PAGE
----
My Favourite Book: Homo Deus Review

Yuval Noah Harari’s Homo Deus, the sequel to the bestselling Sapiens, is humbly annotated with the phrase “A Brief History of Tomorrow.” As Sapiens detailed Homo-Sapiens progression from hunter gatherers through the many societal revolutions that took us to where we are today; Homo Deus describes the possible futures we might envision considering our history, and current standing in the world. This book has unheralded morsels of wit, genius, and a unique ability to meld history, philosophy, science, religion, and economics into one cohesive narrative.
This book has unheralded morsels of wit, genius, and a unique ability to meld history, philosophy, science, religion, and economics into one cohesive narrative.”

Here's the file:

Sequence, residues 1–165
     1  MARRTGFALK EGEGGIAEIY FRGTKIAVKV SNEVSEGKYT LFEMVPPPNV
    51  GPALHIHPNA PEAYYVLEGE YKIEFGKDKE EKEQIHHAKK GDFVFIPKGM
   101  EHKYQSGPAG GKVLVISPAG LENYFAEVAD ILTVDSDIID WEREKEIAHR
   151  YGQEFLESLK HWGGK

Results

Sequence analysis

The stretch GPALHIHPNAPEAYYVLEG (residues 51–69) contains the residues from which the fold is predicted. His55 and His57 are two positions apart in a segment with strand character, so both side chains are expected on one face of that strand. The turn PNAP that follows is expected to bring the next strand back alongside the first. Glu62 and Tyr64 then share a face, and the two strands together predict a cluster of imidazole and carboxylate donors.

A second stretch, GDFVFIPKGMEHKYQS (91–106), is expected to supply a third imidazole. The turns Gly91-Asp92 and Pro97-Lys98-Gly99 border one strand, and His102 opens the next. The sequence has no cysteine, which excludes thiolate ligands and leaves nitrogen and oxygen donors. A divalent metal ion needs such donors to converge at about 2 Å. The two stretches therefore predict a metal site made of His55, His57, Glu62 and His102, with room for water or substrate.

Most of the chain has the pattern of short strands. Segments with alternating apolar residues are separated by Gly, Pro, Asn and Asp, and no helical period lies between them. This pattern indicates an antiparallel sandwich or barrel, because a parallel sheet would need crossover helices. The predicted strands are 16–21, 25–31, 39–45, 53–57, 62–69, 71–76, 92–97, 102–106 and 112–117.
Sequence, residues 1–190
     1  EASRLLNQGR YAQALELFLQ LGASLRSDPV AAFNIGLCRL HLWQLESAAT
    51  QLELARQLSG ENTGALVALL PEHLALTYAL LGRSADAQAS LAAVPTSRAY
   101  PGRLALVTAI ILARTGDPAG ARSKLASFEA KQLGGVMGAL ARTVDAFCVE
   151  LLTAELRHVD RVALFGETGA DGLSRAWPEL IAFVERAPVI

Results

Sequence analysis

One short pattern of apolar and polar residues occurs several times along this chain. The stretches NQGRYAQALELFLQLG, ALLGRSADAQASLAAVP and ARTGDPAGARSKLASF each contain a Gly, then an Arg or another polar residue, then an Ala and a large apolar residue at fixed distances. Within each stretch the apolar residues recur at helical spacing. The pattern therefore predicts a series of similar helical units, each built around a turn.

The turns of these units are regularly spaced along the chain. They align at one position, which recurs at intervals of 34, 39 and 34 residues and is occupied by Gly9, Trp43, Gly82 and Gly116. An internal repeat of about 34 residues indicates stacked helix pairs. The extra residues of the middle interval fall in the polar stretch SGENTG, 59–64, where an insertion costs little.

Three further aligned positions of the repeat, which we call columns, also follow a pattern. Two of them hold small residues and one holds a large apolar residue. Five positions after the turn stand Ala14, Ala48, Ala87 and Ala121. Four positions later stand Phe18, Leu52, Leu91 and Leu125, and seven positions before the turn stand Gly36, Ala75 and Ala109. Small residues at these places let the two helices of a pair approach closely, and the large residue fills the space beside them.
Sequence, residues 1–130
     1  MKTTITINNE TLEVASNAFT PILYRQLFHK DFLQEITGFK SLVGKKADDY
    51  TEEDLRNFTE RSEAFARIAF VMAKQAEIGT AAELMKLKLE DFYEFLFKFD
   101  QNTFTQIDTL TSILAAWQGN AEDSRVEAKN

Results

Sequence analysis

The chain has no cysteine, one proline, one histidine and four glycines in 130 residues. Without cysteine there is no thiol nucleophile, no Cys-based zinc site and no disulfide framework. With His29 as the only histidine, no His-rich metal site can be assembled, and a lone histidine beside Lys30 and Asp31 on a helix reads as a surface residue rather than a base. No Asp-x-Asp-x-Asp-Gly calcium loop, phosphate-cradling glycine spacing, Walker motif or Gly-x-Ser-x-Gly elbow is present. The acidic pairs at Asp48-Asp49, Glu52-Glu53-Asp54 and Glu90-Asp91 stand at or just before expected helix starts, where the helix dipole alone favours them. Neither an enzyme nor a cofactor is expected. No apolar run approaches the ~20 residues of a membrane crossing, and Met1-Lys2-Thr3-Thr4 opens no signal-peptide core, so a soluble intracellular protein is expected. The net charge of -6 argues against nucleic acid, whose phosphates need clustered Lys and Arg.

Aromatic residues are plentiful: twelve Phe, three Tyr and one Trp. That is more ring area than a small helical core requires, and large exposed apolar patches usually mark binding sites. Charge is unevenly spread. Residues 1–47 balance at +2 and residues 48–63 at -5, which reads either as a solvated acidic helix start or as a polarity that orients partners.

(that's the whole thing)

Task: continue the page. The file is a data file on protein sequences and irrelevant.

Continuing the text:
One of the most intriguing aspects of the book is Harari’s detailing of humanism and its possible evolution into a new belief system. Humanism insists that meaning comes from each of us individually. Where once God determined morality, humanism makes the claim that all we need to do is pay attention to what it is we think and feel, this being evident in phrases such as “the customer is always right,” “the voter knows best,” and “beauty is in the eye of the beholder.”In the midst of advancing technologies Harari notes the rise of another belief system, one that may one day become more powerful than humanism, and this he refers to as dataism. Dataists perceive the universe as an unrelenting flow of data, whereby each of us absorbs and emits countless bits of data daily. This can be understood in how each of us consistently receive emails, text messages, read articles, and simultaneously produce our own data in response to these. Where humanism emphasised the importance of having experiences, dataism emphasises the importance of sharing experiences. Dataists believe in the importance of data being free and envisions a future where there is one all-encompassing data system which is all-knowing and all-powerful. Our meaning would then be established from merging with this system that is larger than ourselves. Should this occur, it would result in a shift in our focus from ourselves to a system that knows us better than we know ourselves. This is but a brief nutshell of one of the fundamental features of Harari’s book, yet it conveys the immensity of his vision and scope. It is rare to find a book that engages with its reader on so many levels. This book has the unique ability to present its arguments in an objective manner, making the reader feel as though he were an outsider witnessing the entire history of the world with fresh eyes. It is for this reason that Homo Deus held so much fascination and intrigue for me, and has become a book that I value as one of my all time favourites.  Homo Deus is populated with ideas that will make you question the direction that the world is going in and if you like this direction. It is important every once in a while to take a step back and remember the vastness of the world and its incredible ability to morph and evolve with rapid speed. As Harari claims “We often forget that our world was created by an accidental chain of events, and that history shaped not only our technology, politics, and society, but also our thoughts, fears, and dreams.” Homo Deus wakes us up to this fact, and charges us with an obsessive curiosity over how it is we live our lives, and where this might lead us.